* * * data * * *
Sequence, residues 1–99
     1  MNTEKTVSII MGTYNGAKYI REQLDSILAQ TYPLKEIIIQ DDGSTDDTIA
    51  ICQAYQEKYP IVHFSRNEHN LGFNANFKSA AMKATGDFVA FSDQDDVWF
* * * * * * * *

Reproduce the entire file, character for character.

Sequence, residues 1–99
     1  MNTEKTVSII MGTYNGAKYI REQLDSILAQ TYPLKEIIIQ DDGSTDDTIA
    51  ICQAYQEKYP IVHFSRNEHN LGFNANFKSA AMKATGDFVA FSDQDDVWF